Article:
‘If necessary, we’ll have to ventilate him.’
‘Is he going to die?’ The baby’s mother covered her mouth with her hand, her eyes bright with tears. ‘What are you doing to him?’
One of the other nurses drew her gently to one side but Nikos frowned slightly and indicated with his head that she was to bring the baby’s mother closer.
‘This is frightening for you, I know,’ he said gently, ‘but I am asking you to trust me. Tom has a narrowing of one of the blood vessels leading from his heart—that is why he is so poorly. He is not getting the oxygen he needs, but we have put in place a temporary solution. Come closer. You can hold his hand—that’s good. Is there anyone you want to phone? Your partner?’
The woman’s eyes filled and she shook her head. ‘I’m on my own,’ she muttered. ‘This is just—well, you don’t think it’s going to happen to you, do you? When you have a baby you just assume that everything is going to be fine.’
Ella watched the woman close her fingers over the baby’s tiny hand and wondered why it was that Nikos always knew instinctively what would help the relatives.
This mother needed to touch her baby.
‘This problem with his heart.’ The woman’s eyes were fixed on her baby. ‘Can you fix it?’
‘My colleague will run some tests, take some pictures of the heart, using sound waves, possibly a few other things and then he will make a decision about how best to deal with it.’ Nikos leaned across to adjust the flow of oxygen just as the paediatric team walked into the room.
They took over the care of the baby, but once Nikos had handed over the case he drew the mother to one side, taking the time to explain exactly what was happening and why. He answered her questions with infinite patience, sometimes sketching a quick diagram to make his explanation clearer, occasionally referring to one of his colleagues.
When the baby was finally transferred, the mother was effusive in her thanks and obviously quite shocked by what had happened.
‘That must be incredibly hard,’ Ella said. ‘Having a newborn baby and suddenly everything goes wrong.’
‘And she had no support—that made it worse.’ His eyes were on hers, cold and angry. ‘Is that what you want? You want to do this on your own? Because you should know by now that that option isn’t on my agenda.’
‘It’s time to go home. Get changed. I’ll meet you by the car.’
Her heart felt as though it was being squeezed. ‘I can’t stay with you tonight, Nikos. I’m going to pick up my things and go and stay with Helen.’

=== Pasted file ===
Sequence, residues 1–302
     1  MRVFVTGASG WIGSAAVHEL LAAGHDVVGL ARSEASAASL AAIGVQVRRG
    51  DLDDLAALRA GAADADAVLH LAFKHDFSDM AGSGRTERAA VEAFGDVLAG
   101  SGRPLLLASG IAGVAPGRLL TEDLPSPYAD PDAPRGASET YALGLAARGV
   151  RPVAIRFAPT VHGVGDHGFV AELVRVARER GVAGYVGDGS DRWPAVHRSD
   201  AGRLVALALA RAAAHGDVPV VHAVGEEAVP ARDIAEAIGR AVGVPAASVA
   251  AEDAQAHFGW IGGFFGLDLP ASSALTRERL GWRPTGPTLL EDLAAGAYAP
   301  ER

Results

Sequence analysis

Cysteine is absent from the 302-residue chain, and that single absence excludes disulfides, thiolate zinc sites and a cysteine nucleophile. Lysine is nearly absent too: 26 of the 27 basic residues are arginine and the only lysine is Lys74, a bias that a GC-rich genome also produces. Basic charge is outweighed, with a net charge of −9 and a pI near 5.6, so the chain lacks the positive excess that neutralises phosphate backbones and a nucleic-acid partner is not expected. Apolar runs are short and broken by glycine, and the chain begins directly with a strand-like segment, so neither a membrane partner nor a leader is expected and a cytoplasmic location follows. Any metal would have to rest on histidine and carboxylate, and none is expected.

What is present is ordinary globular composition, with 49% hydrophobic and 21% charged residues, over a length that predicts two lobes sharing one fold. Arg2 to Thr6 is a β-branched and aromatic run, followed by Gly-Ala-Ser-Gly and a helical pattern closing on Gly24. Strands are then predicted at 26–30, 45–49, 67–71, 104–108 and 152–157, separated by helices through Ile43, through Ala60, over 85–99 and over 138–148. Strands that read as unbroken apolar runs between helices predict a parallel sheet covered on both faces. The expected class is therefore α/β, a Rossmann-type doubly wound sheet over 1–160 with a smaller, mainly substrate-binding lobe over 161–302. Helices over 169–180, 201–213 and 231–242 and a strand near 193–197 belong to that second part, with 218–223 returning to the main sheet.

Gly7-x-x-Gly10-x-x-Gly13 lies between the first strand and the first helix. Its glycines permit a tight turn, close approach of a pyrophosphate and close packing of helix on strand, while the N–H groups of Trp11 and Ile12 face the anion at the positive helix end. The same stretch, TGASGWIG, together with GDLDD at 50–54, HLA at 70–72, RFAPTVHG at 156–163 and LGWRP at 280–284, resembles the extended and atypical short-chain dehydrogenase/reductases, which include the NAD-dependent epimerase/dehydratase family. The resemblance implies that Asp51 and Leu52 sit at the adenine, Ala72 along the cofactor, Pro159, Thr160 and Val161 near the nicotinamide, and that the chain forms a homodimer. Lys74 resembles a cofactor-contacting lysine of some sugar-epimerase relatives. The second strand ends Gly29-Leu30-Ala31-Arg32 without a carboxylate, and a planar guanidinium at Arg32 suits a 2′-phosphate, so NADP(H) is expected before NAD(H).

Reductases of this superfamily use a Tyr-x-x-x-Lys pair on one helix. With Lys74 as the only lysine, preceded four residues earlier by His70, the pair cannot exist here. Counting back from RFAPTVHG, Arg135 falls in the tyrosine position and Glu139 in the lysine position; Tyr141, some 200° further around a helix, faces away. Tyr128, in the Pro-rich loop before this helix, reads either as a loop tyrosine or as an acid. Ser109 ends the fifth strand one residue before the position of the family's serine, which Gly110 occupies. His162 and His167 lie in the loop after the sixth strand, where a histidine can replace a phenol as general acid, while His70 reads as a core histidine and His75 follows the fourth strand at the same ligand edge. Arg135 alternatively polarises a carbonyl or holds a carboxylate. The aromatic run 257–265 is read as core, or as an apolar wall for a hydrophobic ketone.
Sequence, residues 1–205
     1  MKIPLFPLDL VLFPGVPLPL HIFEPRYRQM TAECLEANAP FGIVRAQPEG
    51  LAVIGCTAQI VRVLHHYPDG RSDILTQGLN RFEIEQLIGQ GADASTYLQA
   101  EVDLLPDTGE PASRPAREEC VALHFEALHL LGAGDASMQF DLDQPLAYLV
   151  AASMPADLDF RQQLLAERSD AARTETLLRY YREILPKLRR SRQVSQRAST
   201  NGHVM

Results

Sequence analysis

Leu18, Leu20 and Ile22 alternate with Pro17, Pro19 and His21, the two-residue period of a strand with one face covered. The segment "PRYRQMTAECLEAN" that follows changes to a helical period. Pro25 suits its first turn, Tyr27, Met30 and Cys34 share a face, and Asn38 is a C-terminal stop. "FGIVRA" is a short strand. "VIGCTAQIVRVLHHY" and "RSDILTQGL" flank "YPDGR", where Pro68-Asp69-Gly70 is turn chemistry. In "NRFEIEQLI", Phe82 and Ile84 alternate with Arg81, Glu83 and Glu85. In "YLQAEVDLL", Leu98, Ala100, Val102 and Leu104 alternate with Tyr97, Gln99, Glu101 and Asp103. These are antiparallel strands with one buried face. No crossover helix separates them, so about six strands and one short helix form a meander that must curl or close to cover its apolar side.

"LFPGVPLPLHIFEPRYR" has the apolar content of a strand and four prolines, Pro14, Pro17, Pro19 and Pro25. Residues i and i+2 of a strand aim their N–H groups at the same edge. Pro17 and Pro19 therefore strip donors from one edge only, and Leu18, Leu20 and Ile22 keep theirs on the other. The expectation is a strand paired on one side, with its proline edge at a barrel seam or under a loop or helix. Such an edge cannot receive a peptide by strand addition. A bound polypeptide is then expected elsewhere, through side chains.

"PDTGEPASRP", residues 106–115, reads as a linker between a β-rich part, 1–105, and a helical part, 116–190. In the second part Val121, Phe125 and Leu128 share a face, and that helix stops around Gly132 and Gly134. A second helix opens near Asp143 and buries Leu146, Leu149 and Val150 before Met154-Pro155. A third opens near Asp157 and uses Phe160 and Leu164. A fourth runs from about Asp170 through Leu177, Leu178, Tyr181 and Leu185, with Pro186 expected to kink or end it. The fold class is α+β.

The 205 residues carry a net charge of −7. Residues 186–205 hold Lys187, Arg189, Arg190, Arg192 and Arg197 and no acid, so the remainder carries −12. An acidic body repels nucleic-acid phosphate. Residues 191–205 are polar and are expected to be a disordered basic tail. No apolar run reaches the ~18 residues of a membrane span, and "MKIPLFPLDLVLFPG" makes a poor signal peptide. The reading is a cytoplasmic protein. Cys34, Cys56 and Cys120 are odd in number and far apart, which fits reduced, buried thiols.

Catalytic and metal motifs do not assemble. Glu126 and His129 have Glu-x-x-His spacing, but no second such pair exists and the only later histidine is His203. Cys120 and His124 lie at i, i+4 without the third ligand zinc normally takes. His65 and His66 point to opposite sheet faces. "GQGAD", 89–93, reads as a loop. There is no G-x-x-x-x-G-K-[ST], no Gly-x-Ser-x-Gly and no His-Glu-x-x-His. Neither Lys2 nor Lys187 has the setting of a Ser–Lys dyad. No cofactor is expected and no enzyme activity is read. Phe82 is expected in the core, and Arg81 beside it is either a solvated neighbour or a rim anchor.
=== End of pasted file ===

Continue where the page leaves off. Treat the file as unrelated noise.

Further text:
‘We’ll talk about this at the house.’ Without giving her a chance to argue, he strode from the room, leaving her staring after him in despair.
They arrived home at dusk and the moment Ella walked through the doors her mood changed. It was like putting on a heavy, dusty cloak, the weight of the past dragging her down.
The staff had already unpacked her bags so she had to pack them again.
‘My mother called to ask your opinion on flowers.’ Nikos reached for his wineglass. ‘I said you were tired and that you’d already gone to bed.’
‘I’ll call her tomorrow.’ Ella stood in the opulent hallway, feeling sicker and sicker. ‘I’ll go and pack my things.’
But walking around the house simply made things worse. Every room she walked into mocked her until her head was ringing and she felt as though she was going mad.
She locked herself in the bathroom and splashed her face, trying desperately to pull herself together.
It was just a house, for goodness’ sake. Walls, rooms, windows. Somehow over the years she’d managed to give it a personality.
It was ridiculous to allow it to get to her like this.
Cross with herself, she walked into the bedroom they were sharing.
It was a beautiful room, with a small balcony overlooking the beach and the deck. As she threw her belongings into her suitcase, she stooped to pick up a discarded shoe from the floor and noticed something sticking out of the bottom of one of the drawers. Assuming it was something she’d dropped, she picked it up.
It was a photograph, and Ella stared at it for a long, agonising moment before everything went black and she slid to the floor.
‘She will be all right now.’ The doctor closed his case. ‘It isn’t uncommon for pregnant women to faint. The baby’s heartbeat is strong.’